Tuesday, June 20, 2017

A Late Afternoon in June

9" x 12" Oil on Panel
Tomorrow is the First day of summer. It's a great time of the year to paint in spite of the heat. Of course, if the weather becomes too hot, the Wasatch Mountains are close by to provide a cooler place to go. Paradoxically though, the high mountain altitudes can provide relief from the heat, but not necessarily from the sun.

This was painted on a pleasantly warm afternoon, a few days before June started really cranking up the heat. I've driven past these stands of cottonwood trees west of town many times, thinking I would stop and paint them some day. That day came late last week as I was on my way to paint somewhere else. The air was full of fluffy cottonwood seeds, but I decided to risk getting cottonwood fluff stuck all over my painting anyway. Turned out that, in spite of flurries of fluffy seeds, few seeds stuck to my palette and none to the painting. 

Tuesday, June 13, 2017

Three Women

10" x 8" Oil on Panel
Here are some more portrait sketches from the weekly portrait sessions. All three were made using oil paint and were painted from live models.

The first one shown is the most recent, and was painted last Wednesday. It was made using my most Zorn-ish color palette: yellow ochre, cadmium red (instead of vermillion), ivory black, and titanium white (instead of flake white).

8" x 6" Oil on Panel
The next two were painted with a few changes or additions to that palette. Having been two or three weeks since they were painted, however, I'm not sure I can remember everything I did differently. For the second painting shown here, more Naples yellow and less white was used. It was an experiment to see what would happen if a pale yellow was largely substituted for white.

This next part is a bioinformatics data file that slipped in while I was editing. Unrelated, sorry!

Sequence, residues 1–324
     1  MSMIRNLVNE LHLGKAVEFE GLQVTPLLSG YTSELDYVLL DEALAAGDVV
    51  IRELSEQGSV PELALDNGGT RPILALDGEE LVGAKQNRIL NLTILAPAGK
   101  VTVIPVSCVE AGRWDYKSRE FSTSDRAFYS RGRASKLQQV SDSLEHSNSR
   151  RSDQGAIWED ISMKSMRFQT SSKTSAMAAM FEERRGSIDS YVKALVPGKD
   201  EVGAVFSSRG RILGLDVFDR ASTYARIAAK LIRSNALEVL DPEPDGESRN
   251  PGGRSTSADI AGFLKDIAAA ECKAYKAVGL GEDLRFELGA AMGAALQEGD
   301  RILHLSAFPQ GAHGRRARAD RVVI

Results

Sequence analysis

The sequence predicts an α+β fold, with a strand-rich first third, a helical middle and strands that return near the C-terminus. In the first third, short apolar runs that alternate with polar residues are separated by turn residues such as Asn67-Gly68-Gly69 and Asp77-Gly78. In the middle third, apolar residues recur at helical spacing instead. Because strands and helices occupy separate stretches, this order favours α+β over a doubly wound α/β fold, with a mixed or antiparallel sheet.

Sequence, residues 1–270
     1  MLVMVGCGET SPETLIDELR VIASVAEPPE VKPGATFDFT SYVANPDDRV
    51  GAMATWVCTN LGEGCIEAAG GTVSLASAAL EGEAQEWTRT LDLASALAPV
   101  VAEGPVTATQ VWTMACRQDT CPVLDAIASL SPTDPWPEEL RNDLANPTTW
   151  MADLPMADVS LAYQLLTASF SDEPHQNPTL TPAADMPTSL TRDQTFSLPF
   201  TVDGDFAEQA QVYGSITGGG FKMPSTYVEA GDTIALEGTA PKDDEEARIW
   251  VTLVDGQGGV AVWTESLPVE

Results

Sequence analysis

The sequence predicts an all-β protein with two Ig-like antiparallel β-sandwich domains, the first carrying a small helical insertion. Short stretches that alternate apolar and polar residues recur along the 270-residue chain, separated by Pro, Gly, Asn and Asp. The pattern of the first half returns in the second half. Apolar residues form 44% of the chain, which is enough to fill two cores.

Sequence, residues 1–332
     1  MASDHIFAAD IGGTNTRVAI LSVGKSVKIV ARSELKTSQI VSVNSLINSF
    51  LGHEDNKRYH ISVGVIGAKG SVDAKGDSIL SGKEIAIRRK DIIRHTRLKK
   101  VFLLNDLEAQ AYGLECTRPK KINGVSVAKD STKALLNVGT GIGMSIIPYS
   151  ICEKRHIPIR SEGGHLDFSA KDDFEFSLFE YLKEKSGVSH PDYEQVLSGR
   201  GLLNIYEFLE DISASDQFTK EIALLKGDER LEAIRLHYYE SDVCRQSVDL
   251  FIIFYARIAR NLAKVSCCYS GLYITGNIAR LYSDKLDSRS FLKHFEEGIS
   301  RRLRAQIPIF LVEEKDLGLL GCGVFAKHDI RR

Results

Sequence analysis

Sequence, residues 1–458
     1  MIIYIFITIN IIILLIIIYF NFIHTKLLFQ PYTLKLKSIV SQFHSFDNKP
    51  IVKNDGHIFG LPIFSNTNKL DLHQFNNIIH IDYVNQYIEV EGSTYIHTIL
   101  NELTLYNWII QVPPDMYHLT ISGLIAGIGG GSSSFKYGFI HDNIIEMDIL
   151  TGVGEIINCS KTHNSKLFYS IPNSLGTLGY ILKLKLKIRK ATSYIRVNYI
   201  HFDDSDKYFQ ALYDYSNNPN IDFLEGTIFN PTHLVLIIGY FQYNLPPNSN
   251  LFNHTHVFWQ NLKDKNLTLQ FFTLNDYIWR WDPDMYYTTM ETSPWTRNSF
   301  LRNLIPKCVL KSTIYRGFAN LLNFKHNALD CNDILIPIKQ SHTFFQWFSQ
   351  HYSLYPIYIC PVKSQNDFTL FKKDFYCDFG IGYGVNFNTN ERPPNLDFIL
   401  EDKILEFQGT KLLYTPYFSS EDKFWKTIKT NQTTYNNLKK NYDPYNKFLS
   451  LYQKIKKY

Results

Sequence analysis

10" x 8" Oil on Panel
The third painting is of a substitute model. She filled in on the spur of the moment when the originally scheduled model failed to show. This was painted on an entirely untoned panel to see what effect that would have on the portrait.

For more about portrait sessions, go to "Labels" on the side bar and click on "portrait", "sketching" or "drawing".

Thursday, June 8, 2017

Along the way to the Marina

9" x 12" Oil on Panel
Here's a painting made last week. It was a warm summer day and lots of people had headed to the lake. So many in fact, that parking in the state park had filled up and spilled out onto surrounding roads. I was lucky enough to find a good spot to park, and hiked a short ways to an area just north of the marina and campground. The park was crowded, and there were watercraft galore out on the lake, but there was no one else where I went to paint. Cottonwood trees were shedding flurries of fluffy seeds, which could be a problem because they stick to wet paintings. Thick swarms of midges were near the lake shore. They also stick to wet paintings. The open area between the cottonwoods and the marshy lake shore was mostly free of both problems. Besides, it had the visual angle on the trees I wanted to paint. So that's where I set up for the day.

The marshes, trees, and fields near the lake are some of my favorite places to paint, or even just go for walks. Wildlife is one of the attractions there. On the day of the painting, six big white pelicans circled in a thermal not far behind me. The pelican's long black-tipped wings lent grace to their otherwise ungainly bodies and huge orange-yellow beaks. Four seagulls circled with the pelicans. I had to stop painting and watch the show. Three more seagulls joined the pelicans, then two more gulls joined in the dance. I wondered why the seagulls seemed to want to be with the pelicans. It soon became apparent, however, that the seagulls were not there for the pelicans. The gulls were there for the thermal, which the six big white showy pelicans had inadvertently advertised to them. The seagulls gained altitude faster and much higher than the pelicans, then slid off the top of the column in twos and threes heading north. The pelicans labored to gain altitude, rising maybe a hundred feet above the ground. They circled for a few minutes before heading off together southward. The show was over. I returned to painting.